Graduation Year


Document Type




Degree Name

MS in Public Health (M.S.P.H.)

Degree Granting Department

Environmental and Occupational Health

Major Professor

Steven P. Mlynarek, Ph.D.

Co-Major Professor

Yehia Y. Hammad, Sc.D.

Committee Member

John C. Smyth, Ph.D.


4, 4'-diphenylmethane diisocyanate, cascade impactor, isocyanates, particle size, particle-size selective sampling, spray polyurethane foam insulation


Spray Polyurethane Foam insulation (SPF) kits are currently being marketed and sold to do-it-yourselfers to meet various insulating needs. Like commercial SPF systems, the primary health concern with SPF kits is user overexposure to the isocyanates during product application. The potential health risk associated with SPF applications is driven by several factors including (but not limited to): the toxicity of isocyanates; the potentially high exposure intensity; the quantity of isocyanates used in the process; the enclosed nature of the environment in which the product could be applied; the potentially high exposure duration/frequency; and the limited availability of control measures to reduce agent intensity (e.g., personal protective equipment, dilution ventilation). To better understand the potential hazards associated with the use of SPF kits, the current study was designed to provide an initial characterization of user exposure to airborne particulate during the application process. Specifically, the study would aim to answer the following:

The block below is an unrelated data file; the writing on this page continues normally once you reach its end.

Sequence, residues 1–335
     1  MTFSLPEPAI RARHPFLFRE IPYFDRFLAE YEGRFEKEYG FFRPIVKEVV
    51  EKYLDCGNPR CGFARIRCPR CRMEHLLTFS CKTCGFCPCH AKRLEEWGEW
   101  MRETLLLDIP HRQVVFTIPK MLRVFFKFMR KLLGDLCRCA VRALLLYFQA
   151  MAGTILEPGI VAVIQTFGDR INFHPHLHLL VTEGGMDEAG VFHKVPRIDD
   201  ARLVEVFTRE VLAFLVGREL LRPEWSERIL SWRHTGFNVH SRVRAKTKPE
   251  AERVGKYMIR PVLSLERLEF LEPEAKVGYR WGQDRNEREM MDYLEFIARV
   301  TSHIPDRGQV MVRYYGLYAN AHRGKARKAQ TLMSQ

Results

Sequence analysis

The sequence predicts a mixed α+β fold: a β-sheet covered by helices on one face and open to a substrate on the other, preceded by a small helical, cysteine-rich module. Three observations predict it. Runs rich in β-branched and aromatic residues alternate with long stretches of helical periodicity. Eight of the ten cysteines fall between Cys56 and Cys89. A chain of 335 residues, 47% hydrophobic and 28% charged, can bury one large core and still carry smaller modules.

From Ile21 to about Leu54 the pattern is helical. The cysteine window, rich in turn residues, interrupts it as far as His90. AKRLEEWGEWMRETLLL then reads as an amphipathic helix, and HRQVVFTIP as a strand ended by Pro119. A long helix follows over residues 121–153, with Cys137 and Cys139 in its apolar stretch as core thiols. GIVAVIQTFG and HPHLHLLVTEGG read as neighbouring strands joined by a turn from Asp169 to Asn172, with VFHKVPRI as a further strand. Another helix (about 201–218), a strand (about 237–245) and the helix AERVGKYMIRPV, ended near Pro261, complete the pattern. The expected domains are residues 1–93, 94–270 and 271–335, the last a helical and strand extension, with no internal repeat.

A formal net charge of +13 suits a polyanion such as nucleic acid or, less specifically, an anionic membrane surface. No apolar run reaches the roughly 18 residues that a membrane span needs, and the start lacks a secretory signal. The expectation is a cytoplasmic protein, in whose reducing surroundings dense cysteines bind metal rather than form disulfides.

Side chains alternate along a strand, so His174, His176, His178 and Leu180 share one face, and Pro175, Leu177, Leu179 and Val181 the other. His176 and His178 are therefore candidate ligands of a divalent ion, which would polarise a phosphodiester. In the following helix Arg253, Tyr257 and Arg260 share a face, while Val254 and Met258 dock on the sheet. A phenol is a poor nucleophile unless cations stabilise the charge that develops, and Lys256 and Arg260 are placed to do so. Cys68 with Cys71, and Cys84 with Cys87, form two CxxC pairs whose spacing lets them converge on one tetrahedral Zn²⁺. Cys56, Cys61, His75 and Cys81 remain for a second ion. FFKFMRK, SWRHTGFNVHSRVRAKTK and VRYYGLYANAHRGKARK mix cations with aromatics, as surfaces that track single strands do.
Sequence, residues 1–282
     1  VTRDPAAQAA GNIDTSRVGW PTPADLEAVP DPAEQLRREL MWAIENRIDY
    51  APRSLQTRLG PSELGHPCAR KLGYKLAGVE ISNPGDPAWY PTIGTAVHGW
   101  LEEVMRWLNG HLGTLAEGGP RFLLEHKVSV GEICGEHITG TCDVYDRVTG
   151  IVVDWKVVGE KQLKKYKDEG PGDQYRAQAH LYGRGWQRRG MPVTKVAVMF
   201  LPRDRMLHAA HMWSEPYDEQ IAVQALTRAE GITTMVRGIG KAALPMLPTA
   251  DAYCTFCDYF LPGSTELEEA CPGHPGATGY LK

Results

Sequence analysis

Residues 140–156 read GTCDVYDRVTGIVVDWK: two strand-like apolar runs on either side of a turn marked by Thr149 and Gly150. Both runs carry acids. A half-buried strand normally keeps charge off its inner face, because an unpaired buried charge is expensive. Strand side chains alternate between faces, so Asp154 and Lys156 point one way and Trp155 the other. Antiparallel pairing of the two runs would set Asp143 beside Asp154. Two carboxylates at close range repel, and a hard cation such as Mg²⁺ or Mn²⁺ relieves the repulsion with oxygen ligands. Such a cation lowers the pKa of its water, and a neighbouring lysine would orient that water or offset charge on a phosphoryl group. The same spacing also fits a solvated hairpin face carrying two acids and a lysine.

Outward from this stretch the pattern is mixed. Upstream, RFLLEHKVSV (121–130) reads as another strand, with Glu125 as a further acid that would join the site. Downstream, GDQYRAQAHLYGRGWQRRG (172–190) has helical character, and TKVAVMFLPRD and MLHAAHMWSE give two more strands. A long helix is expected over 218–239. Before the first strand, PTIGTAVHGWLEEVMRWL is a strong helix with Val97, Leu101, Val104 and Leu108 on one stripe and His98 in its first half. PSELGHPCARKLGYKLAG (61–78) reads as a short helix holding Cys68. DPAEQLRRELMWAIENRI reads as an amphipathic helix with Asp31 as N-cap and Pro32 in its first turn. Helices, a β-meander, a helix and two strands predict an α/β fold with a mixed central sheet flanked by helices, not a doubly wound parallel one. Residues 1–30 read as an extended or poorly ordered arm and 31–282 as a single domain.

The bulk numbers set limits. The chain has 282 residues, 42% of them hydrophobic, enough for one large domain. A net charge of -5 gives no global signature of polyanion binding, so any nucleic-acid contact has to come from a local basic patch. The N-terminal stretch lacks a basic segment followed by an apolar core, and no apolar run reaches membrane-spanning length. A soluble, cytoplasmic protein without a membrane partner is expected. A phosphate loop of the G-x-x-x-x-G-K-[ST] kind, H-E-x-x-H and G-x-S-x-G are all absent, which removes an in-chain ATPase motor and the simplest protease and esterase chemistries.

* What is the particle size distribution of the aerosol a SPF kit user is exposed to during application?

* What is the airborne particle mass concentration a SPF kit user is exposed to during application?

To answer these questions, a single commercially available SPF kit was selected for use and a mock residential environment was constructed to support repeated applications of SPF. Size-selective and total dust air sampling were conducted during the applications to determine the particle size distribution and mass concentration of aerosols generated by the selected kit. The particle size distributions developed from the size selective sampling results showed the presence of airborne particulate capable of penetration to the gas exchange regions of the respiratory tract. The average mass median diameter and geometric standard deviation of the particle size distributions were 4.6 µm and 2.7 respectively. The total dust sampling results showed mean airborne concentrations of 10.40 mg/m3. Based on the sampling results the study, personal air monitoring is needed to assess the degree of user exposure to methylene diphenyl diisocyanate (MDI) and to provide information for the selection of exposure control methods.